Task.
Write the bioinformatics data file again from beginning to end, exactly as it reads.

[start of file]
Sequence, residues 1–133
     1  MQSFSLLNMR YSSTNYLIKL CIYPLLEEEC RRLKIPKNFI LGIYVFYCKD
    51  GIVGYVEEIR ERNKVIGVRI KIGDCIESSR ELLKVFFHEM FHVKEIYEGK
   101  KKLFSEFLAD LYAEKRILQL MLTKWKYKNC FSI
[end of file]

Sequence, residues 1–133
     1  MQSFSLLNMR YSSTNYLIKL CIYPLLEEEC RRLKIPKNFI LGIYVFYCKD
    51  GIVGYVEEIR ERNKVIGVRI KIGDCIESSR ELLKVFFHEM FHVKEIYEGK
   101  KKLFSEFLAD LYAEKRILQL MLTKWKYKNC FSI